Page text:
“There is only you and your camera.
The limitations in your photography are in yourself,
for what we see is what we are.”
I recently came across a very cool animated short film titled, The Old New World. A Moscow-based photographer and animator, Alexey Zakharov created this film by combining photographs from the past with technology from today.
To create the four-minute film, Zakharov took photos of New York, Boston, Washington, Detroit, Washington D.C. and Baltimore captured between 1900 and 1940 and animated them into a wonderful film.
There’s no information on how exactly the process was done, but judging from his past projects, it looks as though he used the images as references for 3D models, then overlaid the images as textures to effectively create an entire 3D world from still images. However it was done, the result is absolutely incredible, as you can see from this animated photography.
“The difficulty of making accurate drawings of objects
so minute as many of the Algae and Confervae
has induced me to avail myself of
Sir John Herschel’s beautiful process of Cyanotype,
to obtain impressions of the plants themselves,
which I have much pleasure in
offering to my botanical friends.”
There has been a few different styles of photography through the years, but one I’ve always thought was beautiful is cyanotype. It’s actually obtained not through photography but through a photographic printing process that produces a cyan-blue print.
The process was discovered in 1842 by an English scientist and astronomer, Sir John Herschel. He developed cyanotype mainly as a means of reproducing notes and diagrams, such as blueprints. But, it was Anna Atkins a botanist and photographer who brought this popular processing style to photography in the 1840s.
Atkins created a limited series of cyanotype books that documented ferns and other plant life from her extensive seaweed collection. She would place specimens directly onto coated paper, allowing the action of light to create a silhouette effect. Anna Atkins is regarded as the first female photographer and also the mother of cyanotype photography.
“A journey is a person in itself; no two are alike.
And all plans, safeguards, policing, and
coercions are fruitless.
We find that after years of struggle
that we do not take a trip;
a trip takes us.”
Today I’m heading to Davis, California. Why Davis you may ask? Well, my son’s girlfriend is studying for her veterinary degree at UC Davis and my son invited me to drive up with him for a visit.
I’ve always wanted to visit Davis, so this is a perfect opportunity for me to explore. I found a lovely hotel in the heart of town that I will be staying at while my son stays with his girlfriend.
I don’t usually travel on Labor Day, but I’m looking forward to four days of exploring by bike (the hotel provides bicycles free of charge) all the sites Davis has to offer. Also plan to relax, read and work on my novel.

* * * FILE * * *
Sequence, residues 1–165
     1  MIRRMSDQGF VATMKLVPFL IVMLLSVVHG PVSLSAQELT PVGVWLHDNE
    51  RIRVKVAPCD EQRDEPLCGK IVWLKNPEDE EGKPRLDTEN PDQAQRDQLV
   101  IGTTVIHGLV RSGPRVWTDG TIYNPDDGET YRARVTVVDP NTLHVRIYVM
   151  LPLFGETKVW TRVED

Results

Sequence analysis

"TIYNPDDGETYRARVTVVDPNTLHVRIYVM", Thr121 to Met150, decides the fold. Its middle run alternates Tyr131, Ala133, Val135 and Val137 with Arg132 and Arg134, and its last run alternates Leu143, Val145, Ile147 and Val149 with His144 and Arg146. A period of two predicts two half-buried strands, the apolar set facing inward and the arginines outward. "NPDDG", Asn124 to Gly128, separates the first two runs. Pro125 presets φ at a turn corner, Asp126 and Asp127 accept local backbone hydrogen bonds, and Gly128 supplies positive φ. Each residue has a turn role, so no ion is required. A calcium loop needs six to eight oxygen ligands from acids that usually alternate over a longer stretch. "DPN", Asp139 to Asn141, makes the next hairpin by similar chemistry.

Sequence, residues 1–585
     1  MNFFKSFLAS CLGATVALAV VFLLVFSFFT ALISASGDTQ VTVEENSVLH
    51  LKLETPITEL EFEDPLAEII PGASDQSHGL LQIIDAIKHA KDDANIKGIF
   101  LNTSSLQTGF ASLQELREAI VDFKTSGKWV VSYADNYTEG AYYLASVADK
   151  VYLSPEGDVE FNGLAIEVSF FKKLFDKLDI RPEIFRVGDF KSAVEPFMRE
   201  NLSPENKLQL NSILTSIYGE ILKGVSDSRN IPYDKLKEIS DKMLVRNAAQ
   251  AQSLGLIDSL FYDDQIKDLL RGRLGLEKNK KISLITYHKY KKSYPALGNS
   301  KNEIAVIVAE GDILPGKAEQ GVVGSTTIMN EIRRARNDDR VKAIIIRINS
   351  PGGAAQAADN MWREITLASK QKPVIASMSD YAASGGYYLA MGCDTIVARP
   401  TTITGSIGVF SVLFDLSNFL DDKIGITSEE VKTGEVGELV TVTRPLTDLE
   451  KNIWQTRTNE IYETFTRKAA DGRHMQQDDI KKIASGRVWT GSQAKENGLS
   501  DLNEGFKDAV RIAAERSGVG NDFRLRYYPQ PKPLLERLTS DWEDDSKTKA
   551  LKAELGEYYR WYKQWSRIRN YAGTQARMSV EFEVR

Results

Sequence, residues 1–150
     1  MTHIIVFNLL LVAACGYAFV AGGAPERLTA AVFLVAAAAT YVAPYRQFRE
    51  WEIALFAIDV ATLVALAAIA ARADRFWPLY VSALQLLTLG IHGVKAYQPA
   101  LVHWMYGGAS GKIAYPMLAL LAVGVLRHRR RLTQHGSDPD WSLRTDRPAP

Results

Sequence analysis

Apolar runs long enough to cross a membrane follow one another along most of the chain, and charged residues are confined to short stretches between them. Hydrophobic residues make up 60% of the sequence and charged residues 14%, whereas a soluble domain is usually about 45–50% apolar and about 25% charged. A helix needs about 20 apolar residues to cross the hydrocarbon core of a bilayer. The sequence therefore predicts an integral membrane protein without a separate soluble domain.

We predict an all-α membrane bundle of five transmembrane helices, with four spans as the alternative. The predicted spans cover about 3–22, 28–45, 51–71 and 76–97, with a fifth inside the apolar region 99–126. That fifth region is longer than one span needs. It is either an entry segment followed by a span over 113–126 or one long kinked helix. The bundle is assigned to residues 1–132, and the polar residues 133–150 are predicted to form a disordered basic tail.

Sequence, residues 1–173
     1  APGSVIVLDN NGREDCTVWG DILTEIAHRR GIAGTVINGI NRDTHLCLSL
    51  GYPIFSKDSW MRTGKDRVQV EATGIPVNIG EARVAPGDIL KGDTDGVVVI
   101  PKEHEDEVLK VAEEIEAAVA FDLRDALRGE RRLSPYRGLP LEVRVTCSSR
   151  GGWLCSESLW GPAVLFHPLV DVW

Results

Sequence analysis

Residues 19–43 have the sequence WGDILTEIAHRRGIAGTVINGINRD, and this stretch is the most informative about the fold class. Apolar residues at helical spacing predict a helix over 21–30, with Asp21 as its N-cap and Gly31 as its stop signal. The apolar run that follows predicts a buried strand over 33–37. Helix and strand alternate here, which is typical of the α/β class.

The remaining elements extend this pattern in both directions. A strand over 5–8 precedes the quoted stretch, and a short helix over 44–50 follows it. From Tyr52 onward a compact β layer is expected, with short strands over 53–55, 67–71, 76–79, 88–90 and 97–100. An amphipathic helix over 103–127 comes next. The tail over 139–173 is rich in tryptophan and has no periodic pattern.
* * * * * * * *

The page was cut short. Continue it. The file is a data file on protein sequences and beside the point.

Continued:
It’s been quite a few years since I’ve taken a road trip.
“Of all of our inventions for mass communication,
pictures still speak the most universally
Taking a terrible photo is almost a thing of the past. Everyone either has a camera on their phone, or owns a digital camera.
Thirty years ago the best thing to a digital camera was a Polaroid. Polaroids gave you immediate gratification, and no processing expense. If you ask anyone under the age of twenty what a Polaroid camera is, they probably wouldn’t know what you were talking about.
The cameras of today have come a long way from the large cumbersome cameras of the early 1900’s. Even when you watch old movies from the 1930’s, the camera’s were quite large with their flash bulbs lighting up their subjects.
In the 1970s my camera of choice was a used 35mm Nikon EL camera. It was extremely difficult for me to learn about exposures and f-stops. All I wanted was to take nice pictures and not be bothered with all the details.
Then in 2003 my husband bought me my first digital camera. It was the first generation of the Nikon Coolpix. The lens on this camera is incredibly sharp. So sharp, when I blew up a seven-foot poster from a photo I took of my son, there was zero pixilation in the print.
Currently, I shoot with a Sony HD video camera that also has still image capability. The photos are even sharper than my Coolpix, so I rarely use my Nikon.
My favorite feature I like about digital video and camera images is the zero cost in processing fees. But what I really love is when I take a bad photo, I can just delete it. Yes, thanks to modern technology, taking great pictures are a snap.
“What you really want for yourself is always trying to break through,
just as a cooling breeze flows through an open window on a hot day.
Your part is to open the windows of your mind.”
Canyonlands National Park in the southeastern town of Moah in Utah.